- Blastocyst culture. Day 3 embryos are not nearly as predictable as blastocysts, so you often need to transfer more than 1 to achieve a reasonable success rate. However, transferring more than one embryo introduces risks and complications associated with multiple implantation, and, in failure, you are uncertain if the failure is due to embryo or environment. Using blastocysts will give you more information (and avoids the multiple implantation risks/complications).
- Freezing. Since CK already failed using fresh transfers twice, it made sense not to recommend this route again. Traditional IVF cycles are stressful on the body and mind. Freezing embryos allows us to be more flexible with the timing of a transfer so that we can schedule transfers to coincide with optimal uterine environments.
- Hysteroscopy. I was suspicious because of CK’s lack of implantation. If CK continued to produce blastocysts at a high rate, I thought that there may be an underlying endometrium issue which could have been associated with her prior pregnancy termination or an ascending infection which could have contributed to the blockage of her tubes.
We moved forward with this plan. I chose a “classic” minimal stimulation protocol using Clomid. Letrazole, which she with Dr. B, is a tricky medicine to use and I prefer to save it for select situations. CK did Clomid for 5-7 days, FSH (150 U x 3 days only), a GnRh agonist trigger, and had her egg retrieval under local anesthesia. This resulted in 6 eggs, 4 of which progressed to blastocysts! This made me feel even more strongly about an environment issue. We froze the 4 blastocysts using vitrification (of course) and proceeded with our Hysteroscopy and prepared for a frozen embryo transfer.
For frozen embryo transfers, I prefer natural cycle transfers where the patients’ own hormones develop the environment. In artificial cycles (also known as hormone replacement cycles or HRT), I often worry that the medicines will overwhelm many of the subtleties of a natural, ideal environment. The downside of natural cycle transfers is that you skip quite a number of cycles. In CK’s case, it was 3. CK admitted that she was going through a particularly stressful period at work and it seemed to be reflected in her cycles with irregular ovulations and thin linings. Although I offered her the opportunity to use hormones, she preferred letting her body tell her when the time was right. During her 4th cycle, CK’s work stress had significantly decrease and this was reflected by a normal ovulation length and an ideal 9mm lining. Her progesterone level was a little low so we supplemented her with a little bit of vaginal progesterone. I performed a single embryo transfer under transvaginal ultrasound guidance (I don’t understand doing blind transfers or transabdominal ultrasound transfers since the uterine lining is usually measured transvaginally anyway). 1 week later, CK was pregnant!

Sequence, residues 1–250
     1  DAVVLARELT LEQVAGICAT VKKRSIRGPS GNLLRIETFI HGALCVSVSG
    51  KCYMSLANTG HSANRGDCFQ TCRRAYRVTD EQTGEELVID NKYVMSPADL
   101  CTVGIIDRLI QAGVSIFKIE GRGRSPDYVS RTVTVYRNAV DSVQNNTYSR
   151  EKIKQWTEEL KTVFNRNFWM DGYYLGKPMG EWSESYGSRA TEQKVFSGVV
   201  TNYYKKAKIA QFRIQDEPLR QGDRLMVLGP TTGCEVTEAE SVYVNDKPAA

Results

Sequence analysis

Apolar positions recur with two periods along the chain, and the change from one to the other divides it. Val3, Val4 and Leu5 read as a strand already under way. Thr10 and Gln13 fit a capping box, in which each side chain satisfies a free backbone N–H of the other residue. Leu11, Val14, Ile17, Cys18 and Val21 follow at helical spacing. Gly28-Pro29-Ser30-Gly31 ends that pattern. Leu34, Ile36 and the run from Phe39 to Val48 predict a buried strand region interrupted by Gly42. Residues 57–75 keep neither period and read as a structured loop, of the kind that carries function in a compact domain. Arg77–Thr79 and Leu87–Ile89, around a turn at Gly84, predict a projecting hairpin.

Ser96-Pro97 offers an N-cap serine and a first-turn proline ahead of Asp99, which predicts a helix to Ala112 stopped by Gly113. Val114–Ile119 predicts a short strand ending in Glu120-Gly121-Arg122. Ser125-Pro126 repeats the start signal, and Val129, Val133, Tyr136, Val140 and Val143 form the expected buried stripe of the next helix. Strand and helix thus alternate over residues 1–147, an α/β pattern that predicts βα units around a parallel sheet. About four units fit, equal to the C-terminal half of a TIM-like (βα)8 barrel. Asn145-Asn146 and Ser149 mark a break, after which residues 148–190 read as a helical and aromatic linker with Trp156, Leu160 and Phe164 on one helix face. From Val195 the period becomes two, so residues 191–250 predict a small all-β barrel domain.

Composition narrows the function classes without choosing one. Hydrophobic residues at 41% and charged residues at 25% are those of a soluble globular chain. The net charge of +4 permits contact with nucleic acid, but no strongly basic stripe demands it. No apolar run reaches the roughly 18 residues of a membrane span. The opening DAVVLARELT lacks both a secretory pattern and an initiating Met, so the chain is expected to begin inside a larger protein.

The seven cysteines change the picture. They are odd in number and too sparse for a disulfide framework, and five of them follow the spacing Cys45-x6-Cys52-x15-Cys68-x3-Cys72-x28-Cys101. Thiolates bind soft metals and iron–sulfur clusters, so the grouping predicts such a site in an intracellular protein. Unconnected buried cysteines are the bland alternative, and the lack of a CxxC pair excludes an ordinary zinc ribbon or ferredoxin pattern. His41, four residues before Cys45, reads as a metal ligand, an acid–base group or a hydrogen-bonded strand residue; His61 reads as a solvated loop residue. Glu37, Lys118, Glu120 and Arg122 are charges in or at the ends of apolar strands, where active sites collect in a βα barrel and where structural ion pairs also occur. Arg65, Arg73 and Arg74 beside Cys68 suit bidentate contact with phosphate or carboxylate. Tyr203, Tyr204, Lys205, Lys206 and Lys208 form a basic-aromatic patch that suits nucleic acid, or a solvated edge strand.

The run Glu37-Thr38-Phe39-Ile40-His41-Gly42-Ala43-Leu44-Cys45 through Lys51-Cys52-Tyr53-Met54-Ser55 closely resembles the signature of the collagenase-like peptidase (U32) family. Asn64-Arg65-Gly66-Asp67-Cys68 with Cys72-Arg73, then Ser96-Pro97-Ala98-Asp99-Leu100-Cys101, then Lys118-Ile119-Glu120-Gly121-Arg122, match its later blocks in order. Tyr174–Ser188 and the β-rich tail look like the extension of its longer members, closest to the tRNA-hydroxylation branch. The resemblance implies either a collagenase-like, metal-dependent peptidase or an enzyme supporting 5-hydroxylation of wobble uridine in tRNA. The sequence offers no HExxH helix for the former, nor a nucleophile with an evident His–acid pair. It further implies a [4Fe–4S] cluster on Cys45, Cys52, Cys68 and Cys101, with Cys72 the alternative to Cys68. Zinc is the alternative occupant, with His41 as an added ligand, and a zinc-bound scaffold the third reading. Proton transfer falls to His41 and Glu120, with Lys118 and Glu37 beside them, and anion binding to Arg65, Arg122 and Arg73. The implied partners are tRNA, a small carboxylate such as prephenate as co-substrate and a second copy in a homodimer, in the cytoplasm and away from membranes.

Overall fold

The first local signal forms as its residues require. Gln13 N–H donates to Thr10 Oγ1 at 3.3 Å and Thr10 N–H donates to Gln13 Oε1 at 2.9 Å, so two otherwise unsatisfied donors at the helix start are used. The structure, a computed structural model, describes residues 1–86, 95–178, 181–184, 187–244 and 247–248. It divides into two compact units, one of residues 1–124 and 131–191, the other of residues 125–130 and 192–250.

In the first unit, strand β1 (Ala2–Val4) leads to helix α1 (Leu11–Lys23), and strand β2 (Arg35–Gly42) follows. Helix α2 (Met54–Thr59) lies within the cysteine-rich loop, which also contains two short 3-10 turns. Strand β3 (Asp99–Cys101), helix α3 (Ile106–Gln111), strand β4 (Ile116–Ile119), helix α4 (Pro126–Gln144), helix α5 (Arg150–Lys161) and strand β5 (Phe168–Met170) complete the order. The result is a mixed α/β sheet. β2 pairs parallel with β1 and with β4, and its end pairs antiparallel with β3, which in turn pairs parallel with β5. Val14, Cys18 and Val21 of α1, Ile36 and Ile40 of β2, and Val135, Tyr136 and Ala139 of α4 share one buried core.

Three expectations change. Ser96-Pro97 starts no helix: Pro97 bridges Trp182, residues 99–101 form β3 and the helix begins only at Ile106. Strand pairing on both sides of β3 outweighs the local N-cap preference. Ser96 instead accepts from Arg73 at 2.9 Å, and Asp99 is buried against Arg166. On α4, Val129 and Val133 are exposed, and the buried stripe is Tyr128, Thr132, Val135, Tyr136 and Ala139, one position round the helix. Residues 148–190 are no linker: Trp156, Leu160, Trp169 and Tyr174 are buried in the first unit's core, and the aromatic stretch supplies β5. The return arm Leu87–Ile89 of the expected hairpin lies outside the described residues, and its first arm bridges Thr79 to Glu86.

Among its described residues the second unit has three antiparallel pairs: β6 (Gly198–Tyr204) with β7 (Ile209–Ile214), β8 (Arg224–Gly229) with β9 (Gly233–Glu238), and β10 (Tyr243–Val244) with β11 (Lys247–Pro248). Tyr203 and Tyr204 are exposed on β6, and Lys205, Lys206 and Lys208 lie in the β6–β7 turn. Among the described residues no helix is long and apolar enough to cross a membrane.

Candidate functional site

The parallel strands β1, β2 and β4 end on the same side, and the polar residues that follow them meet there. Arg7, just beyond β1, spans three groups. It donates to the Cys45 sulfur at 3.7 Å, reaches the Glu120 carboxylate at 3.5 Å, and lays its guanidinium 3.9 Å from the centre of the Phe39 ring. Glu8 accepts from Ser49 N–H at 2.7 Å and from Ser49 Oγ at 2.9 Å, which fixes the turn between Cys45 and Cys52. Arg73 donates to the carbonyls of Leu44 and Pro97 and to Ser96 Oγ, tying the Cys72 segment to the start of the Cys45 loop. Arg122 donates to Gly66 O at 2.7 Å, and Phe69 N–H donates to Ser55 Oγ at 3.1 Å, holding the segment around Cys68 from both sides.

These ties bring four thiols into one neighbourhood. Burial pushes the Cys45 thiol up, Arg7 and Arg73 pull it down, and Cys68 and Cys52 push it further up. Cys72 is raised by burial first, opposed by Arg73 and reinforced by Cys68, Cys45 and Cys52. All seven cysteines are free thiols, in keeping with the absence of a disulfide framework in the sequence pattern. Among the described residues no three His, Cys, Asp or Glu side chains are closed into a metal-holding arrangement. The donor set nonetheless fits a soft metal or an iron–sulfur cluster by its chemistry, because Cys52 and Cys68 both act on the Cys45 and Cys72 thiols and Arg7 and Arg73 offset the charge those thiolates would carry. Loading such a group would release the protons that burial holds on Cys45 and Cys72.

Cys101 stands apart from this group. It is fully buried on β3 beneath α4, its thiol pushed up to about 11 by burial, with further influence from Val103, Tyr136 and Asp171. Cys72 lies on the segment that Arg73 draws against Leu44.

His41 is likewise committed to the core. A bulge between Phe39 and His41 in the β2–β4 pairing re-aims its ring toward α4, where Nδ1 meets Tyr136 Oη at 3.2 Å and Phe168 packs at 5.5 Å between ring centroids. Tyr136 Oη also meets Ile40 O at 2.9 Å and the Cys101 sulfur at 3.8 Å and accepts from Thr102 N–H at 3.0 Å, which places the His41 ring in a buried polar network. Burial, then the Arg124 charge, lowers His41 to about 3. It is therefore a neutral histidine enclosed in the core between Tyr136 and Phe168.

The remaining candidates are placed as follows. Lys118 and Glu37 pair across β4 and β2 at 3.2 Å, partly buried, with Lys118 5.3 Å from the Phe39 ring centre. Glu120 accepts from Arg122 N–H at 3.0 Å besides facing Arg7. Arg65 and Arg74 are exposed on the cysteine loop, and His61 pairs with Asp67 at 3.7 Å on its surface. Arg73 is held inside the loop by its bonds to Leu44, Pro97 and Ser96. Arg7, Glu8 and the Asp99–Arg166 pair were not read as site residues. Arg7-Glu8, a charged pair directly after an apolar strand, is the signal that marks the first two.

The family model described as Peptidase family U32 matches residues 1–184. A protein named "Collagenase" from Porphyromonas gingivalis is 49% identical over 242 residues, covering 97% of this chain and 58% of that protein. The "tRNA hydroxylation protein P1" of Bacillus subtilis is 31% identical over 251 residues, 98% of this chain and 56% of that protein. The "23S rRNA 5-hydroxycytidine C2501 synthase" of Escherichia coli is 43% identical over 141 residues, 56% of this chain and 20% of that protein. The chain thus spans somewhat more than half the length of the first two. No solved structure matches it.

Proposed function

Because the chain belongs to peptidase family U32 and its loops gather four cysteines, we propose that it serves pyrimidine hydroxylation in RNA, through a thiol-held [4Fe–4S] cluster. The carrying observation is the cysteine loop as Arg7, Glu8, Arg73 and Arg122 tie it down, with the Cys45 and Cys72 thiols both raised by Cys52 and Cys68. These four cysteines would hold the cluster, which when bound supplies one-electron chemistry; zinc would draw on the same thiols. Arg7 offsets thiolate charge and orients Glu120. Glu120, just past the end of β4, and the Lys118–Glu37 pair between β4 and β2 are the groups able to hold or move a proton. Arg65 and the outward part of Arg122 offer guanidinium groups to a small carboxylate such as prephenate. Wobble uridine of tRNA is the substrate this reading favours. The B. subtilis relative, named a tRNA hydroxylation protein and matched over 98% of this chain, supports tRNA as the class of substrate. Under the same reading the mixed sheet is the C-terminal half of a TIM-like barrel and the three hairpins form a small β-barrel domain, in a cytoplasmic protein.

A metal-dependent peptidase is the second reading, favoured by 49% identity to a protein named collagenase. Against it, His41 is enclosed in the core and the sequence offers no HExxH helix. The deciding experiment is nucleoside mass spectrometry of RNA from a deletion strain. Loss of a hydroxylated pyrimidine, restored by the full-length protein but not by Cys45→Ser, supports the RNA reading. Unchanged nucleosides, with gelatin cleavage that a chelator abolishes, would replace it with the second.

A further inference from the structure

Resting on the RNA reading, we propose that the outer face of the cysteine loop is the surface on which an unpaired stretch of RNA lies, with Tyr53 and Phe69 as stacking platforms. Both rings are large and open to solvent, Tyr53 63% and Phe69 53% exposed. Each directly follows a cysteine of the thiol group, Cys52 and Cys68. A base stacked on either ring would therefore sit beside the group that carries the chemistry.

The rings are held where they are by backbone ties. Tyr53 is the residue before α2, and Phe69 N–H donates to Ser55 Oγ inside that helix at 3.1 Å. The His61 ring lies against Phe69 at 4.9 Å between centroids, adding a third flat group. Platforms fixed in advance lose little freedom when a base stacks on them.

Japanese IVF had allowed CK to:
- Collect more eggs safely and comfortably.
- Confirm her embryo quality, throwing suspicion on a non-embryo cause for her failure.
- Save her embryos safely to use in either the immediate or distant future.
- Find a perfect time and environment for her embryo transfer.
- Minimize the risks of multiple implantation.
I have since graduated CK to her Obstetrician and I have 3 more embryos waiting for her in case she wants to extend her family in the future.